13. I dated a girl in high school named Molly Evans and I made several trips Elmwood in the evening to pick her up. Her mother had a stuffed Owl named Al I remember.
    John Edwards Class of 1970

    1. I knew a Molly she was married to a army officer we were stationed in Germany they were married just before being stationed there her parents owned a home looked like a castle in cape in Missouri Becky and stan Pearson

      1. My nick name is Becky I would love to hear from Molly I live in Arkansas now would love to visit I’m now 79 I was30 when I new Molly and her first husband My number is 479 746 8482

        1. I found a Molly Evans Auer passed away February 2022 in cape Girardeau MO, I knew her while stationed in Germany she was married to her first husband a officer in the army, around 1972?they were married in Elmwood castle I was sorry to hear that.

  14. Not as much a reply—well yes–so very interesting!!, but a question. Does anyone reside there now? And if so, who?

  15. Years ago, as a loan officer with Mercantile Bank, part of my job that I really enjoyed was to make construction inspections. I accidentally turned right off of Bloomfield Road instead of left and had no idea where the road would lead. . . but when I came to the clearing in site of the house – It took my breath away! I had heard of the “Houck (Castle-like)Estate”, but thought it was a thing of the past. There were some little boys who came running out in front who were not very nice about seeing a lady in a car on their lane and they began to throw rocks at my car! I was already turned around and on my way back down the lane so none of their rocks hit my car. But, again, no signs were posted and it looked just like any other entrance into a new building site to me. Manners have become a thing of the past and it’s a shame, private property or not!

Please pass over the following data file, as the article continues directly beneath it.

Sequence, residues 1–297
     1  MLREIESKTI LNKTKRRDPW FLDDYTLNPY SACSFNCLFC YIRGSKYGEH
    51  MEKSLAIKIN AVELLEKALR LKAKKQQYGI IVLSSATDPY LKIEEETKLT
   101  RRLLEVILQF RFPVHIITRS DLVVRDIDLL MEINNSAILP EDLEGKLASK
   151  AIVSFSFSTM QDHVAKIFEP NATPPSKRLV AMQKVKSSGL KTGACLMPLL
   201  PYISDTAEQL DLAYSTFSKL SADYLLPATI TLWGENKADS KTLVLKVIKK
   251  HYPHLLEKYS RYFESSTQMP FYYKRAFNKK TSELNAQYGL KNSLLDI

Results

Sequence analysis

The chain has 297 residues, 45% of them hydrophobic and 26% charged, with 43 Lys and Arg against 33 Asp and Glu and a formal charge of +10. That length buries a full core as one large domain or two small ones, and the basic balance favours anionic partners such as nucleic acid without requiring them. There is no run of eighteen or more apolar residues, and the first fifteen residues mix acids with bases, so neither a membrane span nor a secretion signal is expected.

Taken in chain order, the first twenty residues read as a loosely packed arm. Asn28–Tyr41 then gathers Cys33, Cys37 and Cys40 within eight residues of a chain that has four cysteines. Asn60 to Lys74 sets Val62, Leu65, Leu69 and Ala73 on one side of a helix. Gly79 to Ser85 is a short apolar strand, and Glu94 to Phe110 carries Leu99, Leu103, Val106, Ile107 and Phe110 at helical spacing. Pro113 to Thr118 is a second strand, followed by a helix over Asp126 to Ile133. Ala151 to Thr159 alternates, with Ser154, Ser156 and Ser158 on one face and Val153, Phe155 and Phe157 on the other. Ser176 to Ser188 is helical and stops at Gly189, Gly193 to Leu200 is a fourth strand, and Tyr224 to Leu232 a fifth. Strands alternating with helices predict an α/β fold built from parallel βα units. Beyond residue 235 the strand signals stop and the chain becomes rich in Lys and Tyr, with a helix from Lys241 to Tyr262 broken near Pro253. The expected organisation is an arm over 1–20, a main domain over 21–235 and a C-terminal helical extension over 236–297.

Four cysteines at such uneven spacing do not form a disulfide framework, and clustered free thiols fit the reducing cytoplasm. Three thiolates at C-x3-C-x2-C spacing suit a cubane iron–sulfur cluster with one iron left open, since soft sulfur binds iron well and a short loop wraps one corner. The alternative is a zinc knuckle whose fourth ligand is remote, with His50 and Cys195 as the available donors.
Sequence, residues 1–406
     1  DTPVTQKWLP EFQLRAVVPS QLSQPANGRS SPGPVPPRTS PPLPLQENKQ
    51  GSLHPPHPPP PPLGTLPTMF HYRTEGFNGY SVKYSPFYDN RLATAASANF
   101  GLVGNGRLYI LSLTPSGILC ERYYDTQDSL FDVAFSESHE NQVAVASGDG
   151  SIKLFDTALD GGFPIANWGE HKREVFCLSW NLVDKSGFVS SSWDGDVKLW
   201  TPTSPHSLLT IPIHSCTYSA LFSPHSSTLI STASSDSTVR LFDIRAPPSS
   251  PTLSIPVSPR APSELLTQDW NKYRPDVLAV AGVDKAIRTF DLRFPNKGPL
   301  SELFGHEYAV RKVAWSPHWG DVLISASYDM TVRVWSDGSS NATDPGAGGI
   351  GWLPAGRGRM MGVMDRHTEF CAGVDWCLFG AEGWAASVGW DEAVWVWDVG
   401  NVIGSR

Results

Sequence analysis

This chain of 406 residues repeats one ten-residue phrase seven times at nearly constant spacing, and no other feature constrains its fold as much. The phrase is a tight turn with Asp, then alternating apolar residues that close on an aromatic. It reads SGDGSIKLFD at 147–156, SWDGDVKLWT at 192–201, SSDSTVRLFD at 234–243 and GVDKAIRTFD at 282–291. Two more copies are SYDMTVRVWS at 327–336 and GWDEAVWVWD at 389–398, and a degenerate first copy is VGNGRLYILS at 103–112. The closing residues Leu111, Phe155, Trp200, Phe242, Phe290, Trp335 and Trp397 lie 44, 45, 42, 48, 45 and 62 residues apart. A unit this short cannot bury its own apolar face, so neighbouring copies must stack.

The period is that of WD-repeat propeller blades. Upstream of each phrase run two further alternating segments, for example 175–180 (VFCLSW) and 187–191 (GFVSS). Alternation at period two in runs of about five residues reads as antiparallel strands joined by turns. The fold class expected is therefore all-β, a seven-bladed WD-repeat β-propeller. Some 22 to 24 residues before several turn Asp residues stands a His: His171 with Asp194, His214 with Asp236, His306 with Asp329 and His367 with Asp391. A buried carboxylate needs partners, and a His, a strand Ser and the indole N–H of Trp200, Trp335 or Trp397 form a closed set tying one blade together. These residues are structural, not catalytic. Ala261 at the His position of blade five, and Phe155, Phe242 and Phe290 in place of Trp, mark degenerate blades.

So glad to see the awesome estate again and will save your beautiful pictures in my file, “Cape’s Beautiful Homes and Places”.
    Thank you, Ken, for this nice little “gift”. I look forward to your photos and history every weekend!

    1. I didn’t get a reception like yours, but I didn’t waste much time shooting, then getting out of there just in case.